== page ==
We know we need it. If we don’t get it, we’re very grumpy, have trouble concentrating, tend to overeat and are more likely to make mistakes. With our daily demanding schedules, poor sleep habits and sleep disturbances, we don’t always get enough of this important daily function called sleep! Is it really a time of restoration for our brains or is it possible that it’s more than that? What happens in our brains while we’re asleep is a question neuroscientists are trying to answer.
How Does Sleep Strengthens Memory?
Have you ever had an experience in which you’re practicing a particular skill, say playing the piano, a golf swing or a new language? You go to bed tired and wake up to find you seem to have improved. You’re able to play the piano piece more smoothly, your golf swing has straightened out or the words in the new language come more easily. What happens when we sleep, Lewis says in an interview on National Public Radio, is that “the neural responses in your brain that are associated with things you’ve recently experienced are spontaneously replayed, or, we say, ‘reactivated’ while you’re asleep.” And it is this reactivation that occurs during sleep that strengthens our memory. Our brains are, in effect, practicing while we sleep. Take playing the piano, for example. If during the day you moved your fingers to play a particular piece, the associated motor areas of your brain would become active while you sleep.
What is “Spring Cleaning” for the Brain?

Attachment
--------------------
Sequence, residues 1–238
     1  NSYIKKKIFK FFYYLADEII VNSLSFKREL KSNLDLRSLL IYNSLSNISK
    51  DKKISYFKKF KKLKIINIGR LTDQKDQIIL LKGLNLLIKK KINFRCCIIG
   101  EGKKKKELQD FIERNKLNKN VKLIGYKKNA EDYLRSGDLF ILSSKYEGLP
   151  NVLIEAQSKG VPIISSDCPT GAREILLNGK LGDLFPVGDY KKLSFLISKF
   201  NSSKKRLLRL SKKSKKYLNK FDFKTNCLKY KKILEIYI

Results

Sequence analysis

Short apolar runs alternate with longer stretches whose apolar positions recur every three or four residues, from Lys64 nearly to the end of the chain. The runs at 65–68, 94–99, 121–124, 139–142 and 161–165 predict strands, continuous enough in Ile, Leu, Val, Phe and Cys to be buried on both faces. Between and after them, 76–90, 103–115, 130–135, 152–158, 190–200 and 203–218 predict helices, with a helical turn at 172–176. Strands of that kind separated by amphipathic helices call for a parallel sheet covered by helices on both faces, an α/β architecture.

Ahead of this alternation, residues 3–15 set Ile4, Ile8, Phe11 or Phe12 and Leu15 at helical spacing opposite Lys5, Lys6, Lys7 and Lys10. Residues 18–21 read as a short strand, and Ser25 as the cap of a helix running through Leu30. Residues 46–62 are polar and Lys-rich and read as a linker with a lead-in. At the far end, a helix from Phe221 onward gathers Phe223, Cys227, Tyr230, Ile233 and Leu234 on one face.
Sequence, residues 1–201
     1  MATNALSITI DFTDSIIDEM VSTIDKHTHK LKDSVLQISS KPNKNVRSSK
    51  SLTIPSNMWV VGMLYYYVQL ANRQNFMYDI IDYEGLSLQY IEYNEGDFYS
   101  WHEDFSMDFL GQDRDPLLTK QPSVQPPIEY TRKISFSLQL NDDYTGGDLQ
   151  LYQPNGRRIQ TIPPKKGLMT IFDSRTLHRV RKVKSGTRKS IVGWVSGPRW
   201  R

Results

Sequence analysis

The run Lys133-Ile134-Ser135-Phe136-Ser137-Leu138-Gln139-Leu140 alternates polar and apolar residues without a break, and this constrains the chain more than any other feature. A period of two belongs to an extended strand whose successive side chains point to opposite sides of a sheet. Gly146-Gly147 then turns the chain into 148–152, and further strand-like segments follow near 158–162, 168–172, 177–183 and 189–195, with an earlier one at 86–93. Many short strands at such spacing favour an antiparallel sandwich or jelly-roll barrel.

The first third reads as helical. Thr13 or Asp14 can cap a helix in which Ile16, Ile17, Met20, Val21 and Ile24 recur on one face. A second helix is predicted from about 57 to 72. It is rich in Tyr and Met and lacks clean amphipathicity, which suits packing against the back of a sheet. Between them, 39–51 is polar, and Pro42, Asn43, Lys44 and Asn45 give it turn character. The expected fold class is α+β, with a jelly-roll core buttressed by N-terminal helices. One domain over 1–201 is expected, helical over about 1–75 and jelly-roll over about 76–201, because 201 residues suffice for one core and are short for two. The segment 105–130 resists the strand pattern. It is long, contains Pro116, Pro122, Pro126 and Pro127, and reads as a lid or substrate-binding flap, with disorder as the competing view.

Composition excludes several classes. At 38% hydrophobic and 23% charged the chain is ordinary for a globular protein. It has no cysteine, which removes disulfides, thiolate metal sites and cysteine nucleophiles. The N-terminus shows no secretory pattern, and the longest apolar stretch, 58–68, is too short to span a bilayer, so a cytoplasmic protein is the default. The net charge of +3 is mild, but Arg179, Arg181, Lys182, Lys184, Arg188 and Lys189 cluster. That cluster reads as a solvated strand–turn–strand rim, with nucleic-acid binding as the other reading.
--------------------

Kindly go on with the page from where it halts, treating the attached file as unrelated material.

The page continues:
During our waking hours, we encounter a huge array of sensory information. We are constantly hearing, seeing, smelling, feeling and tasting. And we have thoughts and feelings about this wide range of sensory experiences. For example, on any given day, by breakfast you may have heard your alarm and thought to yourself that it’s too loud; felt the warmth of the shower and noted a need to buy more soap; scrubbed the tiles or fixed a dripping faucet. You may have noted the feel of certain clothing and had any number of thoughts about your closet and the clothes available to you, all while listening to the radio, taking in news stories, noting a favorite song and mentally rehearsing for what the day ahead entails. The point is that we are bombarded with sensory information all day long. According to Lewis in the interview on National Public Radio, “while we’re busy doing things, experiencing things, seeing things, hearing things, learning things, processing different kinds of information, the connections between neurons in the brain get strengthened because they’re trying to retain all of this information. And an awful lot of it is garbage; it’s stuff you don’t want to remember or don’t care about — what you had for breakfast, or the color of a stain on the cover of a book or something. It’s really not useful or interesting.” If we don’t filter out some of this information, our brains become overloaded. We must have a way to sort through the information we receive during the day, storing and consolidating what is important and letting the rest go. That process happens during sleep. During the deep stage of what is called slow-wave sleep, synapses get downscaled again. This allows us to recall the salient aspects of our day, without being overwhelmed by unimportant details.